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SUNY can’t mandate COVID vaccine until it's fully approved by FDA

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Tom Magnarelli
/
WRVO Public Media
SUNY Chancellor Jim Malatras at Onondaga Community College with President Casey Crabill, right.

SUNY Chancellor Jim Malatras wants the state’s colleges and universities to return back to normal, as much as possible, for the fall semester. Malatras said the key is getting students vaccinated against COVID.

He said in a recent survey, nearly 75% of SUNY students that responded have had at least one shot, which is a good thing.

“If you’re vaccinated, you can come back to campus without your masks, you don’t have to socially distance, you can be in a classroom, you’re going to be able to live in the residential facilities, you’re going to be able to play sports; do all those activities that students demand and want after a year-plus of being isolated from one another,” Malatras said.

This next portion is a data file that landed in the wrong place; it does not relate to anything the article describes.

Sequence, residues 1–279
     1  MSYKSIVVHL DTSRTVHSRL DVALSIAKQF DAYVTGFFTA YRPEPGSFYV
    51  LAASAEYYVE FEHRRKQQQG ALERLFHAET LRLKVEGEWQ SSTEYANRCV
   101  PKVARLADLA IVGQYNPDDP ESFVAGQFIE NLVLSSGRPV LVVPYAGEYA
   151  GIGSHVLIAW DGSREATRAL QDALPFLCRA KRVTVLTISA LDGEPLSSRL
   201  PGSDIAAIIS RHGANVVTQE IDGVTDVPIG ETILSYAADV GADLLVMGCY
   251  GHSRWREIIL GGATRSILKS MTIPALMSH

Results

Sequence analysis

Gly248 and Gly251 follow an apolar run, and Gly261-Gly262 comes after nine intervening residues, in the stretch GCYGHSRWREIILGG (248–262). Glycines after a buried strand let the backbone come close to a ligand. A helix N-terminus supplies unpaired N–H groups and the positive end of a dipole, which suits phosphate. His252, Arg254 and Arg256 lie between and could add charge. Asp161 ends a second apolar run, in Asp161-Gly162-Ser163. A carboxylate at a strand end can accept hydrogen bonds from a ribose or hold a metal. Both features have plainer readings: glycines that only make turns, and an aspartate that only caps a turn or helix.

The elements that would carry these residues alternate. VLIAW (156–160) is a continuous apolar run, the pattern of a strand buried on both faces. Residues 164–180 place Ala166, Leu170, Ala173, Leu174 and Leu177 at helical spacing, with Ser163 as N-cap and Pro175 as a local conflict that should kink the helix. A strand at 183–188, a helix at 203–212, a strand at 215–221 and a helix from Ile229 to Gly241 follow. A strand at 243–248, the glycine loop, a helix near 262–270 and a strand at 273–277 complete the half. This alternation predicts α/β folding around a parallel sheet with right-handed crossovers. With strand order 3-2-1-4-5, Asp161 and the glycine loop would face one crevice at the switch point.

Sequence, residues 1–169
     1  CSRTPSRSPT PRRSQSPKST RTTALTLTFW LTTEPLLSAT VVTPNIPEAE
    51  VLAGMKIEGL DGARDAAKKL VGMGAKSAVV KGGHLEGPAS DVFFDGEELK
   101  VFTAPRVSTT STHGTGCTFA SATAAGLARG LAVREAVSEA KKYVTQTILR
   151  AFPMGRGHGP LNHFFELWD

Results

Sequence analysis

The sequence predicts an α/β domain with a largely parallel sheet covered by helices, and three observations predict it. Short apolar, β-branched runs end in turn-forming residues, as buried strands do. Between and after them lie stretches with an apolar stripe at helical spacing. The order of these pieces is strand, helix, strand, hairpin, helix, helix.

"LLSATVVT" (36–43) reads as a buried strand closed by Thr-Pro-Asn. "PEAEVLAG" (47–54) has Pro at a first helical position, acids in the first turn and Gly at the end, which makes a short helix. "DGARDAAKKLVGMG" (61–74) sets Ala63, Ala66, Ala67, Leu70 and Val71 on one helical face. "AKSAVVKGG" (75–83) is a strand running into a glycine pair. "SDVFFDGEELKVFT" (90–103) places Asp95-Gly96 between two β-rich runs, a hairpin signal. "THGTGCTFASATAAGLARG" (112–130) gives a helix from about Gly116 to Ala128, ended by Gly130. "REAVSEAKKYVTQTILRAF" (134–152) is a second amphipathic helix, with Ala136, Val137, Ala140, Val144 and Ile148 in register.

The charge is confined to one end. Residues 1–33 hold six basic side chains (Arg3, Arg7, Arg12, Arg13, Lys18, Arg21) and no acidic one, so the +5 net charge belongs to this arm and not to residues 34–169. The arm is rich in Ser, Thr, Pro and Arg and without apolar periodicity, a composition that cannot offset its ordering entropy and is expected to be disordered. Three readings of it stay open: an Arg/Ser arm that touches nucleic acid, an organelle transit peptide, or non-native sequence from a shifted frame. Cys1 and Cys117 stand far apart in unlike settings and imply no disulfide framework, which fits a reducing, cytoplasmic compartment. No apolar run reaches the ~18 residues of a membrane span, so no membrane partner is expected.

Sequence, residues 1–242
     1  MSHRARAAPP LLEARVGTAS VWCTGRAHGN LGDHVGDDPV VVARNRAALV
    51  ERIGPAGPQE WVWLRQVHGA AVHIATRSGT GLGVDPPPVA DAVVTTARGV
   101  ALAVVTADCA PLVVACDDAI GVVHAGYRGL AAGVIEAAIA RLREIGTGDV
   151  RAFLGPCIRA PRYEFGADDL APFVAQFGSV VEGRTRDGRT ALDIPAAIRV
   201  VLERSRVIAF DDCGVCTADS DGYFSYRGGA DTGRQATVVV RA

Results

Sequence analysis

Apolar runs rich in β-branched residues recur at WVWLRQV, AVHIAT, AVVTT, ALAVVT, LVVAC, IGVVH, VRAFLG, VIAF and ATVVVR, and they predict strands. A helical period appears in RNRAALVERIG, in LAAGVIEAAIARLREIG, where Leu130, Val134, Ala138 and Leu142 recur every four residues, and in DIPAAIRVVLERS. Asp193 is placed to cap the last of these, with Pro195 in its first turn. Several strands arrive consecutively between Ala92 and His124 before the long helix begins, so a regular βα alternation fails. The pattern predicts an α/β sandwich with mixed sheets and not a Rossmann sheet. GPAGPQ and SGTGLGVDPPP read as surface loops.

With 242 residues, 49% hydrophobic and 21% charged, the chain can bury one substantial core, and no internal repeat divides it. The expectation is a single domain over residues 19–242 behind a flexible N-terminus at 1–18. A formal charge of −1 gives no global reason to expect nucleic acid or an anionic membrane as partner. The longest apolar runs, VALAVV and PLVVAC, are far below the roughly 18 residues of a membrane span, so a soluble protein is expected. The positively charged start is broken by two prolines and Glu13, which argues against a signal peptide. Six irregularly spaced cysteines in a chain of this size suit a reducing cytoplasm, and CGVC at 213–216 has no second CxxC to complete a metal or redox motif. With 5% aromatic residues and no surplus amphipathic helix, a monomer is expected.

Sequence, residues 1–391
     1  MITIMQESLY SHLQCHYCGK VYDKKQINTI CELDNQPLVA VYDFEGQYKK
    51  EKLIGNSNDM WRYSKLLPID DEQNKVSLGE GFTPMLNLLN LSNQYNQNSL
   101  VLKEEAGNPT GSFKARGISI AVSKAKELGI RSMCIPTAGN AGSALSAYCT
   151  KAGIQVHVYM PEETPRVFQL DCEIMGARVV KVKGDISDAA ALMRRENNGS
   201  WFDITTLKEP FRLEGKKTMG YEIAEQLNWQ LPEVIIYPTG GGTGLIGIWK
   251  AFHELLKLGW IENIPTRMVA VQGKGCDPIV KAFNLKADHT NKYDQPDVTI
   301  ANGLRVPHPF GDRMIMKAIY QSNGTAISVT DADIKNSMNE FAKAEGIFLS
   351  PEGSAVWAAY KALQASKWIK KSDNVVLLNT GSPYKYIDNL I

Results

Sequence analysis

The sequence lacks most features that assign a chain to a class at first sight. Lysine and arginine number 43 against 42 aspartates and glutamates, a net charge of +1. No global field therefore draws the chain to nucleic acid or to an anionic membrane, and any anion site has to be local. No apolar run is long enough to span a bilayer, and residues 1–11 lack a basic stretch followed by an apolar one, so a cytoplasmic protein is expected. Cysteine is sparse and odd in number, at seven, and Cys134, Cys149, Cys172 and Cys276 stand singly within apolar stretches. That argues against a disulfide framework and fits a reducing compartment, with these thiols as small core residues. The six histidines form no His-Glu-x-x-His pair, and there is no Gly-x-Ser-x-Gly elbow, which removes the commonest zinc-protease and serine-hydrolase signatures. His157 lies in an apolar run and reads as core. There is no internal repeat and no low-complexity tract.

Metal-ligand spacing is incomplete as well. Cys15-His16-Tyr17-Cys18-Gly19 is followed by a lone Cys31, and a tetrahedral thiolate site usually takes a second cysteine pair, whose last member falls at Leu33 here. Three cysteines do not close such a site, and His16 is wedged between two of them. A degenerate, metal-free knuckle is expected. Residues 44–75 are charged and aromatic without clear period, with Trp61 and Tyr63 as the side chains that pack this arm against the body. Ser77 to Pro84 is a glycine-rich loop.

Students who don’t get vaccinated will have to wear a mask, socially distance, can’t play sports or live in many of the residential facilities.

“Because there’s still COVID out there, there’s still the Delta variant,” Malatras said.

Gov. Andrew Cuomo announced in May that all SUNY students must get vaccinated against COVID. But that can only go into effect after the federal Food and Drug Administration fully approves the vaccines. Right now, they’re authorized for emergency use only. It’s unclear when there will be full approval, but it could happen after students return to campus. Malatras said a policy is ready to go, once the vaccines are approved. Until then, SUNY is pushing vaccine awareness campaigns and encouraging students and faculty to use vaccine clinics on campus.